O’Neill did not say whether he would be willing to support that bill as part of a deal.
The Patrolmen’s Benevolent Association opposes the speed camera push.
“New York City police officers want to make our streets safe for everybody who uses them, but automated traffic enforcement cameras are not the solution,” union head Patrick Lynch said Monday. “Red light and speed cameras cannot do the job of a live, professionally trained police officer — they can’t take a drunk, unlicensed or uninsured driver off the road, and they won’t catch evidence of other crimes that might be apparent to a police officer conducting a traffic stop.”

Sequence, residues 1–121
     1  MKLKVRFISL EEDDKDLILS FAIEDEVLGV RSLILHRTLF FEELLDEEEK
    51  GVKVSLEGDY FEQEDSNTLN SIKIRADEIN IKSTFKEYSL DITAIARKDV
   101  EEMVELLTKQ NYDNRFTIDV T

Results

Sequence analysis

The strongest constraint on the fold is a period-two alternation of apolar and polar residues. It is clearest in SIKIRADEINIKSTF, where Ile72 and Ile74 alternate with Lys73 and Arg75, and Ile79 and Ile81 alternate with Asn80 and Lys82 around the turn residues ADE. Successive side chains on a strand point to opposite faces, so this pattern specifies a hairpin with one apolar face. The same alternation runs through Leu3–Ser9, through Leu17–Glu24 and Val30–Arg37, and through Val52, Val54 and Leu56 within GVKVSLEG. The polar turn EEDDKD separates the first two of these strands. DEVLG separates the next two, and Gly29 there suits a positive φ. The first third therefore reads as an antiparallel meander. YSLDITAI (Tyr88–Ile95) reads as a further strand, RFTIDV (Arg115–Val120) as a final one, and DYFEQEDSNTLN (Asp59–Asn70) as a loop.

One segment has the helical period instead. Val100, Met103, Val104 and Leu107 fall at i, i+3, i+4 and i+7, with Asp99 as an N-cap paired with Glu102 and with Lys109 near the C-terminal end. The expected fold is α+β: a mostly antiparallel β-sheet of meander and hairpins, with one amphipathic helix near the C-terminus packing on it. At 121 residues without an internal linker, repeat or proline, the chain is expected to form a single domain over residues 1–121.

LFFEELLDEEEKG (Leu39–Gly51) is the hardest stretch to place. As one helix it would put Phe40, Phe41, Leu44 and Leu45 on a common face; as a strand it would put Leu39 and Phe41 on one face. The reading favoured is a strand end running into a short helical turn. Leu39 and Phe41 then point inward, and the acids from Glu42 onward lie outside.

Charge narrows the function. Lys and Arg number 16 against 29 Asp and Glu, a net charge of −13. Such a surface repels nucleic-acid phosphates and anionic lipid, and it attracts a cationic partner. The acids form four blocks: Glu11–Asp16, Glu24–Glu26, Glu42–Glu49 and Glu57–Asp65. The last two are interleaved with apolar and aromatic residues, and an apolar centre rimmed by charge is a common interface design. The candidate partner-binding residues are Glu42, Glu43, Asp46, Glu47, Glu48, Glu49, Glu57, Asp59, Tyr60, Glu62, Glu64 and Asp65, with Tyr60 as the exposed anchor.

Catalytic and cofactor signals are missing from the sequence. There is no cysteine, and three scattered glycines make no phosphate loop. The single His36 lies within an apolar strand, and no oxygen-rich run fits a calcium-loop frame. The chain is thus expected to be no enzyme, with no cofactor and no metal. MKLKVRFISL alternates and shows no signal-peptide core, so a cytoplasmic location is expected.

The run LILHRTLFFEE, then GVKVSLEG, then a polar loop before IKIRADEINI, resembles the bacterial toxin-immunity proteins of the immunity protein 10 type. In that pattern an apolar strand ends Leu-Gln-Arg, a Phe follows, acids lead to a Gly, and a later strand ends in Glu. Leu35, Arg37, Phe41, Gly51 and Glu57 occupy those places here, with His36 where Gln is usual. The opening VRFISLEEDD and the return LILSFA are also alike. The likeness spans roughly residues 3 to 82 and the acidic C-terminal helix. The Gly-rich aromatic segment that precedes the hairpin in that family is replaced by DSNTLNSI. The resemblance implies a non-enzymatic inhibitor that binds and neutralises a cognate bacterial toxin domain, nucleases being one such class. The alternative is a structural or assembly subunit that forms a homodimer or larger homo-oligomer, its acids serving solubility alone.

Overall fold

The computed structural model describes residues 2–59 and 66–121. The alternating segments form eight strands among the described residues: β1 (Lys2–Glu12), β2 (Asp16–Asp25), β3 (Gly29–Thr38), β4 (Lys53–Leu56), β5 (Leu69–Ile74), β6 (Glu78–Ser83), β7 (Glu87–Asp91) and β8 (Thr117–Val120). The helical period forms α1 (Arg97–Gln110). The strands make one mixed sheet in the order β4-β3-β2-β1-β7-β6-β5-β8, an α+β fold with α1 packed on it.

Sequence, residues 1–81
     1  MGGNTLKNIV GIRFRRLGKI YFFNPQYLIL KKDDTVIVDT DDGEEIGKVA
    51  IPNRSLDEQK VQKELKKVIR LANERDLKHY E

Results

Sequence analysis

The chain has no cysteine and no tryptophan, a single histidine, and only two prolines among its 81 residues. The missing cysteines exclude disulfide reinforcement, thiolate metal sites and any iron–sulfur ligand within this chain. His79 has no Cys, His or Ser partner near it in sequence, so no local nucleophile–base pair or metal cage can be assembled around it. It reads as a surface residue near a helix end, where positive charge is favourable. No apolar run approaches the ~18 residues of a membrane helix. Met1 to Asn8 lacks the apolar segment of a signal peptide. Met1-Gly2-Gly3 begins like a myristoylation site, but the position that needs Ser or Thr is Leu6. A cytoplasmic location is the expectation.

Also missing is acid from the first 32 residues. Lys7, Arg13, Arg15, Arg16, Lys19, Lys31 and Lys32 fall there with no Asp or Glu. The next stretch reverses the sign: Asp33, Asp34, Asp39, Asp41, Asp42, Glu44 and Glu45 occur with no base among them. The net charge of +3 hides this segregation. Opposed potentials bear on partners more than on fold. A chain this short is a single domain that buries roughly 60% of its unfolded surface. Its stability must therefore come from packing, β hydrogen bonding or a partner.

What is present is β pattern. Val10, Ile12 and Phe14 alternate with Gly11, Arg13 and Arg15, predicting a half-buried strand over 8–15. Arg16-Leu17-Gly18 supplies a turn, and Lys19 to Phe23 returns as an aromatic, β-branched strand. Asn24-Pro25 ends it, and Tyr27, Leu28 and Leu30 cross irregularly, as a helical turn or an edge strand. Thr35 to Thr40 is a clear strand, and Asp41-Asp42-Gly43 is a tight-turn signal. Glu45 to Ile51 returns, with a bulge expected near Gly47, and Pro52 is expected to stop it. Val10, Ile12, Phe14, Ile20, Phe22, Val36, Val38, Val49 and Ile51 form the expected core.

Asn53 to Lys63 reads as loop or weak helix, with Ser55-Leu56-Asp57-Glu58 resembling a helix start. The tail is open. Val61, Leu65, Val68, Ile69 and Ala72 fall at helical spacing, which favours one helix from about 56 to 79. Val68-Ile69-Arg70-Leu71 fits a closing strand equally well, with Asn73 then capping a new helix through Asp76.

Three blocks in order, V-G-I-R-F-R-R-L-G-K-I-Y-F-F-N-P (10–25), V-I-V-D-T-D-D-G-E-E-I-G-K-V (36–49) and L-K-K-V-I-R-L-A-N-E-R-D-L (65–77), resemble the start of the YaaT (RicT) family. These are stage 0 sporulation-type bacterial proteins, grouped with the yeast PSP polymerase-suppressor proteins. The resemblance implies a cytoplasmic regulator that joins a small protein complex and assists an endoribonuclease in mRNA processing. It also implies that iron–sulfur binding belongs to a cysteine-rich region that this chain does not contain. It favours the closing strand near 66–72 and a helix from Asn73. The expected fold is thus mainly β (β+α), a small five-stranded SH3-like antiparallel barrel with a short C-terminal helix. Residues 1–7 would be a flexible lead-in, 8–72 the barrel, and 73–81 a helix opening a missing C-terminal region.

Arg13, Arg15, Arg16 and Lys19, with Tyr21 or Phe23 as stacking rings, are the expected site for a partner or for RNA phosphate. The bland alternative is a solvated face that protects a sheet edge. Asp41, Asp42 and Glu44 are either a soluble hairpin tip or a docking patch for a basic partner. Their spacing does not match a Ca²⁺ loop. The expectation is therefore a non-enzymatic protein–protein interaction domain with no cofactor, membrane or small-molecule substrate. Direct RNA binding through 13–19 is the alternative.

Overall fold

Dr. Oxiris Barbot, first deputy commissioner of the Health Department, said that when a pedestrian is hit by a car going 30 mph, the victim is twice as likely to die than when the car is going 25 mph. And at schools where there are speed cameras, speeding has fallen an average of 63% and pedestrian injuries are down 23%.
“The good news is that these fatalities are preventable,” she said.